Wednesday, November 4, 2015

Such, however, are the lives of all wives - a grim feminist Sicilian novel from Maria Messina

I’ll follow Serao’s Neapolitan unmarried women with a Sicilian example from Maria Messina’s little novel A House in the Shadows (1921), one kind of feminist fiction with another.   Serao’s stories almost suffer from their abundance of characters and movement.  Messina’s book is in places almost static.  Serao’s women worry about the ways they are trapped by circumstances, but poor Nicolina can barely leave the house.

Nicolina’s sister makes what seems like a good match with an estate manager.  Nicolina goes along help establish the household and keep her sister company.  Soon enough they discover that Don Lucio is a petty tyrant – sometimes worse than petty – using everything, for example his health problems or his obsessive compulsive disorder, as a weapon:

Peeling fruit was the most delicate task…  Pears and apples, carefully peeled and cut in pieces, one piece already stuck on the little silver fork…  (31)

Neither the wife nor her sister do anything except serve this husband.  The house is a prison.  The title, even aside from the symbolism, is accurate.  A “narrow little street,” a view of nothing but “reddish, moss-covered roofs,” no neighbors, no family.  Serao’s book was of high interest just because of all of the detail about life in Naples.  A House in the Shadows is almost free of local color, or much color of any kind.

The novel begins with a young boy on his sickbed, with Nicolina doing everything she can to accommodate the father.  It is a relief when the son becomes old enough to become a character in his own right.  At least he can leave the house!  This is a grim novel.  “Such, however, are the lives of all wives” (29).  In this novel, actually, all women.

I hope it does not sound like I am complaining.  I can handle 125 pages of this stuff, and it should be clear enough how the tone of the novel is necessary for its argument.  But Messina does sacrifice some novelistic pleasures in the process.  I suppose I found the greater concentration of her short stories to be more artful.

Messina’s novel ends with, I was shocked to find, an element of hope.  For all of their suffering, Nicolina and her sister have perhaps succeeded in one way – they have protected the sister’s two daughters from their abusive father, Don Lucio.  Or so I understand the ending:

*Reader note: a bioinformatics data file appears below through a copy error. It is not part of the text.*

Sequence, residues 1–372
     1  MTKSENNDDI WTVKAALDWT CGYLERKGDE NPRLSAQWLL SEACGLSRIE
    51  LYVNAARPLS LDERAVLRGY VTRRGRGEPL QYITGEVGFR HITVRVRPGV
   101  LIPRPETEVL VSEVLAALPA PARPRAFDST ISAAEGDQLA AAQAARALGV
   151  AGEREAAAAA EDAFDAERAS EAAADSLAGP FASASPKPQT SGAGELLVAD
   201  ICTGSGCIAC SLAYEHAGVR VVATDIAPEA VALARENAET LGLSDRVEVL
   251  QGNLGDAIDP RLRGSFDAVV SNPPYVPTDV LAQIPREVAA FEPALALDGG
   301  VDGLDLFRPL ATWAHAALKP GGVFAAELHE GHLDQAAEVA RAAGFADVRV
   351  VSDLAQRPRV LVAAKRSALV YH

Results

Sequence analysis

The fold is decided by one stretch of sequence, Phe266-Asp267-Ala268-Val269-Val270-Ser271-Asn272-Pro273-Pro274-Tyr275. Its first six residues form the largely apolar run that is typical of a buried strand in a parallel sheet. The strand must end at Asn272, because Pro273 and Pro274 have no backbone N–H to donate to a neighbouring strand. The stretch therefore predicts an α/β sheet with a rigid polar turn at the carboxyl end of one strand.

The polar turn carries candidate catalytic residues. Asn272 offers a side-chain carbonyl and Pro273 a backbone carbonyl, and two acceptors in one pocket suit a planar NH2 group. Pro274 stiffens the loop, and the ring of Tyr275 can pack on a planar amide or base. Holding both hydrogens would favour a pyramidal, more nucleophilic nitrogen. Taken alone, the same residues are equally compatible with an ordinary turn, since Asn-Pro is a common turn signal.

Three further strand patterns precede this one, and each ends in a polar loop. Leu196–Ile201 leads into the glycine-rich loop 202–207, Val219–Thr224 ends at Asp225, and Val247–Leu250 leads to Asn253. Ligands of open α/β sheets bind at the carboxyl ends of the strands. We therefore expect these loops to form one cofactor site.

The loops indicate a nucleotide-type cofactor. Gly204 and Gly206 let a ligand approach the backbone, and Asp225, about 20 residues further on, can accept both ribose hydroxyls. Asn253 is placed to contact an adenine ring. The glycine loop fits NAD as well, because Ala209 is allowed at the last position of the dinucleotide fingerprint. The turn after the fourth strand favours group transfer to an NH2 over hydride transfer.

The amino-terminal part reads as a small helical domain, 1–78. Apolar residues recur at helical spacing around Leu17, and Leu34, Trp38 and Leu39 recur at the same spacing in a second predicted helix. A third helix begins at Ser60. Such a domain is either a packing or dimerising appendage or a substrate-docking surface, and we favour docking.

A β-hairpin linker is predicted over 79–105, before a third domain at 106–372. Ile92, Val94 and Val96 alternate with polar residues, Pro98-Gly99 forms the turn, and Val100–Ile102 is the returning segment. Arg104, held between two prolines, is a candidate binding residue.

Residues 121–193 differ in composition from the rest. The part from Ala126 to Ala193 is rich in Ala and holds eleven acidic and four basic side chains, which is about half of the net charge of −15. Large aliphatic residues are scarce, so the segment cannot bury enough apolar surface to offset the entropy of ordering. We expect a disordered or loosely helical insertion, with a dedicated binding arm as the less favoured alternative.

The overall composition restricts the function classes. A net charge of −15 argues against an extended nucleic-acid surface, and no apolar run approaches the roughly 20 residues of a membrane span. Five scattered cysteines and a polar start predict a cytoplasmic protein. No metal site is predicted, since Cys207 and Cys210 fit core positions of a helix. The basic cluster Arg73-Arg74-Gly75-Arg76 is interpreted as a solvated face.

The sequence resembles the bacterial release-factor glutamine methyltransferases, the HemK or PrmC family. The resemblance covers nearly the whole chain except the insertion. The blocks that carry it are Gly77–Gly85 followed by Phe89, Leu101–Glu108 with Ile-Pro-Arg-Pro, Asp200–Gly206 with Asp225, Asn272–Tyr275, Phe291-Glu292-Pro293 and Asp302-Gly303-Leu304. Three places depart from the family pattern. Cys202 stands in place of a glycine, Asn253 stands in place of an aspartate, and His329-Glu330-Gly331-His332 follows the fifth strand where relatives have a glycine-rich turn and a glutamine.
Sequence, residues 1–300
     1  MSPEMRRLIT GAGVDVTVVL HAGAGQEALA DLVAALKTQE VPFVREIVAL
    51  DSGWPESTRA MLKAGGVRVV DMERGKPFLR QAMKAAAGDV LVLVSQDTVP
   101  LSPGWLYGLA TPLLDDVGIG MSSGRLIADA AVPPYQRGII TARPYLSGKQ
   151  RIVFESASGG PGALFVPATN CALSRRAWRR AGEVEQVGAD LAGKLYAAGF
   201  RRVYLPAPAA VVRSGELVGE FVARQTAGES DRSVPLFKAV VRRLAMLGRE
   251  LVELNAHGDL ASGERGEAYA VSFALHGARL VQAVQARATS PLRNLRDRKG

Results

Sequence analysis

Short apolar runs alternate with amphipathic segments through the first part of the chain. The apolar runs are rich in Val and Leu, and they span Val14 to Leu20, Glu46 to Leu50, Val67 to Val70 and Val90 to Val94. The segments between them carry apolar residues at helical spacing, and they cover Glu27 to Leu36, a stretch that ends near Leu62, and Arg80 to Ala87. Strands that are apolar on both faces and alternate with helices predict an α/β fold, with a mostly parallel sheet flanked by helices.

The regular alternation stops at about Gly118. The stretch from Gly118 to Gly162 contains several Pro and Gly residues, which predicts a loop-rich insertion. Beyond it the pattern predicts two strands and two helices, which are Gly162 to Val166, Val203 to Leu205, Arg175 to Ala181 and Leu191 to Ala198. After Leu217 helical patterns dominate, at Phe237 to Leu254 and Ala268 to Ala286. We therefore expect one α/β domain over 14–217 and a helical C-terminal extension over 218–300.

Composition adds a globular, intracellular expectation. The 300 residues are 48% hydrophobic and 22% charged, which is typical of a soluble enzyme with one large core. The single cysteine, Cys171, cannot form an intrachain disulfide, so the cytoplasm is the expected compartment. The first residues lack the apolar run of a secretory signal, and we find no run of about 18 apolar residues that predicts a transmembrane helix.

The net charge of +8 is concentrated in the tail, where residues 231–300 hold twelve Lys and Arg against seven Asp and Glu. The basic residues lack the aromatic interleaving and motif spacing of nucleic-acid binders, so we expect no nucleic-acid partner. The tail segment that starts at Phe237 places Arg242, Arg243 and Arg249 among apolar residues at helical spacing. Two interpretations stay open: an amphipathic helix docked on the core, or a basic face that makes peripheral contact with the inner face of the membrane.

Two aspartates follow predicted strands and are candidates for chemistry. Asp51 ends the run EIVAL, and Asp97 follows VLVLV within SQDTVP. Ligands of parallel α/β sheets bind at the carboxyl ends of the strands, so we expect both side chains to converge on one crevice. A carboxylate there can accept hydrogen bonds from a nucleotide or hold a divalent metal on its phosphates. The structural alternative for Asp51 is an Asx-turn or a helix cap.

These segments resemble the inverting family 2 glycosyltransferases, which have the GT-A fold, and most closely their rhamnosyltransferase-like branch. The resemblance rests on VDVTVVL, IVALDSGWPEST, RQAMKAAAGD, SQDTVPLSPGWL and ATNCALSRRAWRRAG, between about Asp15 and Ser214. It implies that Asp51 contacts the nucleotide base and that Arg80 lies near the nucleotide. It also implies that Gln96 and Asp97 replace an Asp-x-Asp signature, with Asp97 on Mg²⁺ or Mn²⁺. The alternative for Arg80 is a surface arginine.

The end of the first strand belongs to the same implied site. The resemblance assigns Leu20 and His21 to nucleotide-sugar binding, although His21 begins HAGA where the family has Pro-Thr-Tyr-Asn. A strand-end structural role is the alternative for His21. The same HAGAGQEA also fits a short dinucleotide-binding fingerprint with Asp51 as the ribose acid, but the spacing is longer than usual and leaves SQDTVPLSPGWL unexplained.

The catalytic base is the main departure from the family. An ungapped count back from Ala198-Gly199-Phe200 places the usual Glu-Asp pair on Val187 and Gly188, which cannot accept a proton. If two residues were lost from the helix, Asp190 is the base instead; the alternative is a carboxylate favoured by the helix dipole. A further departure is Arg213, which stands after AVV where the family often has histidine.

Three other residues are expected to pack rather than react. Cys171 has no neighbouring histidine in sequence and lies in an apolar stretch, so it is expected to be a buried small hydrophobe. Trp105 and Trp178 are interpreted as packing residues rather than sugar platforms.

They listen.  A footstep, a voice in the street.  An impetuous exuberance surges in their young bosoms.  They are growing up like certain odd delicate flowers that appear between the cracks in old walls and that the rain will soon spoil.  Don Lucio clears his throat.  The two girls are startled, but then laugh for having been startled, and then they are silent, once again waiting, anxious and moved, while the heavy, silent hours pass across the starry sky.  (125)

The father is still there, in the middle of the daughters’ reverie.  But they are young and he is now old.  They can outwait him.

John Shepley is the translator.


  1. You and Scott are certainly venturing far and wide as far as your forays into Italian and Sicilian literature this year. How did you come across Messina in the first place?

  2. A reader who used to teach Italian sent me some recommendations, Messina among them. I will not be able to do justice to that list. Thanks, Jane!

  3. Never heard of this author Tom and I see the comment you made above. It's hard to 'break' into literature from a foreign country beyond the big names, so tips are wonderful.

  4. Very true. What exists, what exists in English, what is actually worth reading.

  5. Thanks for this. I've added Messina to the list, and expect to head back to Sicily soon in my literary explorations.

    To echo your response to Guy's comment, I've actually been impressed with the volume of what's available - though not always easy to obtain - in Italian-to-English translation. Certainly there needs to be more, and more ease in finding what already exists, and more "tips" like yours above, but at least for getting a start on Italy there's no shortage of great choices.

  6. Italian literature is well enough represented in English (given access to a university library) that that last question - "is it worth reading?" - for the non-specialist, I mean - becomes really important.

    Of course the answer, almost always, is Yes.